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Analysing Seasonal Differences between a Soil Water Balance Model and in Situ Soil Moisture Measurementsat Nine Locations Across Europe


We compared soil moisture from the soil water balance model for European Water Accounting (swbEWA) with in situ observations from nine locations in three European climatic zones (continental, Mediterranean and maritime temperate), for different periods between 2003 and 2011. Despite the simplicity of the swbEWA model, the patterns of temporal changes in soil moisture content are well represented at all locations. Annual averages show that the model overestimates the soil moisture content, and that overestimations are the smallest when measurements are obtained from more than one depth. These results suggest that the relationship between simulated and observed soil moisture also depends on the number of measurements and the depth over which they are taken. In the continental climate, where snow cover and frozen soil influence soil moisture, we observe higher root mean square error values in winter months. However, in the Mediterranean and maritime temperate climates, we do not observe clear common seasonal patterns in the soil moisture profile, which makes it difficult to relate the model’s accuracy to climate. With the percentage of correctness and probability of detection measures, we tested the model performance in simulating dry versus non-dry events. The percentage of the correctly classified dry and non-dry events is higher than 84 % at all locations, whereas the probability to detect dry events is significantly lower, exceeding 50 % at only four out of nine stations. The frequency distribution of consecutive days with dry soil (CDDS) confirms the model performance: higher number of short dry periods (with less than 20 days of soil moisture near wilting point) are reproduced and observed in continental climates, whereas long dry periods (longer than 50 days) are noted in the Mediterranean climate. Overall, the statistical measures suggest that the model produces the highest accuracy in summer months at the stations in continental climates, whereas in the Mediterranean climate, the accuracy is slightly higher in the colder seasons.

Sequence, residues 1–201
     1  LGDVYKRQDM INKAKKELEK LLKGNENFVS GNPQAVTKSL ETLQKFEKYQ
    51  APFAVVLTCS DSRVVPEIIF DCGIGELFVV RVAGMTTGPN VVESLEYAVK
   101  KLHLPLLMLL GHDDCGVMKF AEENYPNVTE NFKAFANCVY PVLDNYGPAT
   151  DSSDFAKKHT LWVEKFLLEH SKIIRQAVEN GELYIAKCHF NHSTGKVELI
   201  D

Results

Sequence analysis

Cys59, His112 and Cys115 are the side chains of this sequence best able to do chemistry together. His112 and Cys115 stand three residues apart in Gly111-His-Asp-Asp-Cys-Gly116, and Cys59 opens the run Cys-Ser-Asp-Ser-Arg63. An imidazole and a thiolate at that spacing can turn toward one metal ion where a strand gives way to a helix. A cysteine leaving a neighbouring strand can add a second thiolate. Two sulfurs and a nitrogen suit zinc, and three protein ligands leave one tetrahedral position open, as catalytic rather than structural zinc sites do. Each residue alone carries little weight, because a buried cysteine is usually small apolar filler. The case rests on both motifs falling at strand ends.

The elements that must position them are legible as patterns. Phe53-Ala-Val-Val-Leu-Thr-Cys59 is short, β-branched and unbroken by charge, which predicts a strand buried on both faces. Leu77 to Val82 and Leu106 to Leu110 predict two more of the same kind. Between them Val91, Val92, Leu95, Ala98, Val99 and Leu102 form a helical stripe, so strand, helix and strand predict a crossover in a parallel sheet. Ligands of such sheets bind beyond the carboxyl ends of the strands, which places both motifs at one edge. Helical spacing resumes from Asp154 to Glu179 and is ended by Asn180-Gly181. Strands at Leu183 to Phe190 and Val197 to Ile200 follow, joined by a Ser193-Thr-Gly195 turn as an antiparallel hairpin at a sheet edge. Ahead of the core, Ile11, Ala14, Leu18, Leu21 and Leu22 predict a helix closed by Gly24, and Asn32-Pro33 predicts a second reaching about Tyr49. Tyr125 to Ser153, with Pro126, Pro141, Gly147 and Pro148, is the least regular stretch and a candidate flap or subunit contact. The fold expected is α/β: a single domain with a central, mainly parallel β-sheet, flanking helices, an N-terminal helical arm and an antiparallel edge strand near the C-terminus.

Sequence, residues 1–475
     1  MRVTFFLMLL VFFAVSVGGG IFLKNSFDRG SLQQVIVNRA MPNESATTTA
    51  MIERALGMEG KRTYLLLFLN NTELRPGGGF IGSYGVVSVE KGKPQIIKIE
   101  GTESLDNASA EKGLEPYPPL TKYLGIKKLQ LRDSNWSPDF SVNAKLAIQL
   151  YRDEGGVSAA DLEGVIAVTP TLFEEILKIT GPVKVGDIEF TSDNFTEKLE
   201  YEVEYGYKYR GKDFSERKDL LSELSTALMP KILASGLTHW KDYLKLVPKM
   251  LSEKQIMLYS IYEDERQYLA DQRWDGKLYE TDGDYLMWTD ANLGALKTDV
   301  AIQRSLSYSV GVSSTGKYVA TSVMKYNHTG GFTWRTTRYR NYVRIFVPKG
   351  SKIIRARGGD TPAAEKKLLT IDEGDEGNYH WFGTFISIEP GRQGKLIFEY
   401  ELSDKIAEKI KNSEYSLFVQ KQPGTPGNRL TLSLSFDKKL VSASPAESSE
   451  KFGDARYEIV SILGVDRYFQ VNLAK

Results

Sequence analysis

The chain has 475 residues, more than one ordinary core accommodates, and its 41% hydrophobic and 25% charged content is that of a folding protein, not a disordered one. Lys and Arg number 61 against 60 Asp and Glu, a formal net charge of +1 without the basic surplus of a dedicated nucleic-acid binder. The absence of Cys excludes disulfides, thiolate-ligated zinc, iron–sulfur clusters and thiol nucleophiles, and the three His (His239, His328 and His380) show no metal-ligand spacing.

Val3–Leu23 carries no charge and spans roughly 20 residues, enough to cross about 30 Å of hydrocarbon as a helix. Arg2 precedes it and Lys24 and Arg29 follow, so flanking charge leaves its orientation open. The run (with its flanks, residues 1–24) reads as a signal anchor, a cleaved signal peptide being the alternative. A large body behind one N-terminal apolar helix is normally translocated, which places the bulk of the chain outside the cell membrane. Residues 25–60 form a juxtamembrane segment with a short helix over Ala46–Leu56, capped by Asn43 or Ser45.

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The authors are truly grateful to the reviewers for their comments that contributed to the substantial improvement of this manuscript. We would also like to thank the Slovenian Environment Agency for providing us with soil moisture data.

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Correspondence to Blaž Kurnik.

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Kurnik, B., Louwagie, G., Erhard, M. et al. Analysing Seasonal Differences between a Soil Water Balance Model and in Situ Soil Moisture Measurementsat Nine Locations Across Europe. Environ Model Assess 19, 19–34 (2014).

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  • Soil moisture
  • Soil water balance
  • In situ
  • Modelling
  • Europe
  • Climate